HTSA: Use 3D, Tech Expertise For Growth

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SUNNY ISLES BEACH, FLA. — The Home Technology Specialists of America (HTSA) is emphasizing its early embrace of home connectivity, its expertise in that area, and the opportunity 3D TV will bring as part of its 2010 strategy.

During its spring meeting at the Trump International Beach Resort here last week — dubbed “The Sumptuous Social” — executive director Richard Glikes described his membership as “trusted experts” in his opening remarks.

He said the “four pillars” of HTSA should be “relationship building, idea and information sharing, economies of scale, and program advantages” that can provide profits during a “tough economy.”

Glikes said the goal of HTSA for 2010 is that in “challenging times” members have to “revivify” their businesses with “new life and new ideas.”

HTSA has more than $450 million in sales and 60 members located in 37 states, and had more than 200 vendors, distributors and members in attendance. The first-time vendors attending were Audioquest, Dana Innovations, Powerhouse Dynamics, Primevision by Elite and Panasonic.

The appearance of Panasonic at the HTSA meeting is due to 3D TV, which could be a big opportunity for its members. Kate Beck, senior product marketing manager for displays at Panasonic, said, “One of the key reasons we are here is due to 3D TV, and we know they can explain and sell it.”

Even though Glikes wrote a blog for bemoaning the fact that Panasonic gave Best Buy got the first shot at selling 3D TV, he told TWICE, “We’ll sell a ton of it … probably by midyear when it is off and running.”

His members were just as optimistic about 3D for their market segment. Ken Paulson of Paulson’s Audio Video, based in Farmington Hills, Mich., right outside of Detroit, said that 3D TV is great for his business if for no other reason that consumers have been coming in to take a look.

“The first reaction by some consumers is, ‘We don’t want to pay extra for that,’ but they have come into the store for the demo,” Paulson said. “Once they come in and experience it, plenty have said they like 3D TV.”

He noted that the challenge for his salespeople is to “qualify those customers who only want a HDTV now vs. those who might be early adopters for 3D.”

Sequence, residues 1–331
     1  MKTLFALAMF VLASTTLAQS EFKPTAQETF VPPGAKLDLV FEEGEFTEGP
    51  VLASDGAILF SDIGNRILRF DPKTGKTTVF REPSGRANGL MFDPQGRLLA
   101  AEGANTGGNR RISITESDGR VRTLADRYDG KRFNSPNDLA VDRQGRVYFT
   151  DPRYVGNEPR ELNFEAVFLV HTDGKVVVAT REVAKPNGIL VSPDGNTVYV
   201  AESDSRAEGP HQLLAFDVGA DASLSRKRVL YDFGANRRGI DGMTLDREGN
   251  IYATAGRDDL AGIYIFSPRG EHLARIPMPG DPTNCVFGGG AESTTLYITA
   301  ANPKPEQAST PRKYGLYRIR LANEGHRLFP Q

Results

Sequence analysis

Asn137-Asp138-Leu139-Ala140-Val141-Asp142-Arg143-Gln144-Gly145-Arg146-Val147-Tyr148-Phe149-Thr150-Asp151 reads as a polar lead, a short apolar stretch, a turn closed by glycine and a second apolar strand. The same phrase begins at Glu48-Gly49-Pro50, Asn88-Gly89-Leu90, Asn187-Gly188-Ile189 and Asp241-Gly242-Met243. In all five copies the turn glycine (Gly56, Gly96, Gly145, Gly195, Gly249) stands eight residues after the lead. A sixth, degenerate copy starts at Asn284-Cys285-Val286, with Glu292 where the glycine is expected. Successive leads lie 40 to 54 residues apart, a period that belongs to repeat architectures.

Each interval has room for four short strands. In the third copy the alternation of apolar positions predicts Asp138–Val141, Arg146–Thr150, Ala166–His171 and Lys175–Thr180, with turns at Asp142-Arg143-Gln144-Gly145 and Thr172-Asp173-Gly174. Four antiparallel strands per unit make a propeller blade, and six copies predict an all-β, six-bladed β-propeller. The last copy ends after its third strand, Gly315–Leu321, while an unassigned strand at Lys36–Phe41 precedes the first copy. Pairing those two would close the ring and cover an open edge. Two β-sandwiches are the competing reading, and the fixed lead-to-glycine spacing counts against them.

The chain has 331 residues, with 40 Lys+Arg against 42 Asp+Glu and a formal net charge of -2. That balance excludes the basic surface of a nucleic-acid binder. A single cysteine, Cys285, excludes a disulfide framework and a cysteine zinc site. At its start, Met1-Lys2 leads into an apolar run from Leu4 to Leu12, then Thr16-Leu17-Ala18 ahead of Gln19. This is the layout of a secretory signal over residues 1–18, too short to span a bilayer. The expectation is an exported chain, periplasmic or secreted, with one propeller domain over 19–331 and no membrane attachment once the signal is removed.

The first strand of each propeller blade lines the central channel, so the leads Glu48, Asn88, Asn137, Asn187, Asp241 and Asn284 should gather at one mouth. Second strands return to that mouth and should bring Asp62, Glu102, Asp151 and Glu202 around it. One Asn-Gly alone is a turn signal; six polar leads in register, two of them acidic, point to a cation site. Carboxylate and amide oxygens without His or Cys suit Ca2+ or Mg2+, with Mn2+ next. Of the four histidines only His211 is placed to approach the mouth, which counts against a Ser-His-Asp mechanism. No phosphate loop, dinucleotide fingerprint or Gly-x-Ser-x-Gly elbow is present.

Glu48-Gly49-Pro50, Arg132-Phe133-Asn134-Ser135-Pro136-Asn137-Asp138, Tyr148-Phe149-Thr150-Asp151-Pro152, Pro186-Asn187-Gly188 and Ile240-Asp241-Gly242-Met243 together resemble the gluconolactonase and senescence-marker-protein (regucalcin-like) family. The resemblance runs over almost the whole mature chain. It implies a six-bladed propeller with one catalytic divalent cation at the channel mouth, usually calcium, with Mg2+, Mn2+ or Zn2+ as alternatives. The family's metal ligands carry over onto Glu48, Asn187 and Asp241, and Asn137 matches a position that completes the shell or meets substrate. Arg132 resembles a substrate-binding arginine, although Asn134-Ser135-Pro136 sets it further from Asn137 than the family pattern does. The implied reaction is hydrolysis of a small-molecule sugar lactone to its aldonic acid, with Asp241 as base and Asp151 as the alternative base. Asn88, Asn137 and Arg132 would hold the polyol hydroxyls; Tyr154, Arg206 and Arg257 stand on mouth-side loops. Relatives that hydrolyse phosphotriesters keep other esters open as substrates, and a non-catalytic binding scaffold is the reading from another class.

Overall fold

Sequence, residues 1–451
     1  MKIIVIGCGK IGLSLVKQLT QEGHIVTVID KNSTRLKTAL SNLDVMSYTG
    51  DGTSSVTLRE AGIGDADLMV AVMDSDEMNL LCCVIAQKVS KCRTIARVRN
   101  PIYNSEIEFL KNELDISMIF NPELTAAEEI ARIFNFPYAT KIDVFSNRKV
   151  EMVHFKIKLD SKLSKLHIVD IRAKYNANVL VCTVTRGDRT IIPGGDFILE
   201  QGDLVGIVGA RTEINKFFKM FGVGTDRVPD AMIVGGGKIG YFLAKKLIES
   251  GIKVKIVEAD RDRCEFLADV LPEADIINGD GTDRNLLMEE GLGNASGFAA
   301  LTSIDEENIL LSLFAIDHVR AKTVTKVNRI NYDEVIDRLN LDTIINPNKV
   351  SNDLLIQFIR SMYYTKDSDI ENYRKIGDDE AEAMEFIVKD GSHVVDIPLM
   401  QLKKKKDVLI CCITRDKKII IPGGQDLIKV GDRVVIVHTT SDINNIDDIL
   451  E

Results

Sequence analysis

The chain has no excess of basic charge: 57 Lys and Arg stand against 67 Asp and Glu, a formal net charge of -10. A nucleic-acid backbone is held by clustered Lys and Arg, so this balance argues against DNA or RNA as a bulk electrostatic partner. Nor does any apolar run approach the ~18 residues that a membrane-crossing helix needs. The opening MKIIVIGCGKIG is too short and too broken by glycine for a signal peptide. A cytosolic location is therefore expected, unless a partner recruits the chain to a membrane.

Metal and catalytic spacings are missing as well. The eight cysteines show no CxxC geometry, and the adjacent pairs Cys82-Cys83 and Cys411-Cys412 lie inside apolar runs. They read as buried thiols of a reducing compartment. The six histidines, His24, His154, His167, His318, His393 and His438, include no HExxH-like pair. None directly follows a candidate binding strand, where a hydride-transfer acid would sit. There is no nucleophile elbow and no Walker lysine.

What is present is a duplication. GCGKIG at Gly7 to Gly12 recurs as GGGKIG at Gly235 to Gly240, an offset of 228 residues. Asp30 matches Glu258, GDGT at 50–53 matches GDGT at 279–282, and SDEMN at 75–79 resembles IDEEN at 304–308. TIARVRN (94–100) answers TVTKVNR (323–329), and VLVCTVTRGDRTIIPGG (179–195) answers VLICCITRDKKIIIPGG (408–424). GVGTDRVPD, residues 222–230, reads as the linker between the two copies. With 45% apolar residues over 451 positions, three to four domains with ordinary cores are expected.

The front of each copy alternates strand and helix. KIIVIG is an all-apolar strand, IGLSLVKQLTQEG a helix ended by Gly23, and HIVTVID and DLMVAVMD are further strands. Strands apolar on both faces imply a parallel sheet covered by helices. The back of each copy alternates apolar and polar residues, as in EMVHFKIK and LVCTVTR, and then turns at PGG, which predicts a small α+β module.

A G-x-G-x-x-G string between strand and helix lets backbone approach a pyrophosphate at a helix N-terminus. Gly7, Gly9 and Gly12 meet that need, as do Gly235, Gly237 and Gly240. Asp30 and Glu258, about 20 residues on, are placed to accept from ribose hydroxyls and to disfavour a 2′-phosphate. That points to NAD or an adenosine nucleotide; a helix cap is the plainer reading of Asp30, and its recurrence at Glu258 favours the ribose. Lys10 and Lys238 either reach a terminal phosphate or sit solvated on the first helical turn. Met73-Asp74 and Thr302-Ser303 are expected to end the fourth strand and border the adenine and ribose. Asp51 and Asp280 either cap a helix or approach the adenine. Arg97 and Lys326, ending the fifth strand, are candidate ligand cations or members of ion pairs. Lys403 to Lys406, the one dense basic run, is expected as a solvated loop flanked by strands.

Wayne Puntel of AudioCraft, based in Cleveland, said that 3D TV is “an important technology … we have an opportunity to follow through and explain it, and sell it.”

Gary Lawson of New Century Stereo noted that specialists “used to be able to introduce a technology like 3D TV to consumers, make a profit for themselves and suppliers, and eventually it would go to the mass market,” but he was just as hopeful that 3D would be a profitable part of the mix when HTSA members get their hands on it.

But 3D TV is just a part of the mix that Glikes and his members feel will create growth. In his opening remarks last Monday night, Glikes thought it was “ironic” that other buying groups are now telling their members that home control and home networking are keys to profitability.

Specialists and custom installers must be more “service oriented” than ever and that changes in the industry, like making home CE more networked than ever before, puts them “in the center of the universe,” Glikes told TWICE.

But, he added, “the problem is that we are not in the iPhone or iPad business,” whose apps may control home systems now and in the future.

As Ingram Micro executives told Glikes recently, they bought DBL because “the IT and CE businesses are becoming one,” Glikes added.

He noted that for years, “many lived off of the flat-panel business, which was great, but now you can’t sustain your business that way.” Specialists and custom installers have to sell home systems and “performance” of those systems — as well as their expertise in installing and servicing complex products.

Of HTSA’s members’ sales, 95 percent are related to installation, Glikes said. The keys to HTSA’s success has to be — in no particular order — “high-performance speakers, high-performance receivers,” and being able to provide service and installation to “differentiate themselves” from the mass market.

Or, as Glikes said to his membership about all of these plans, “Remember, it’s not what you say, it’s what you do!”


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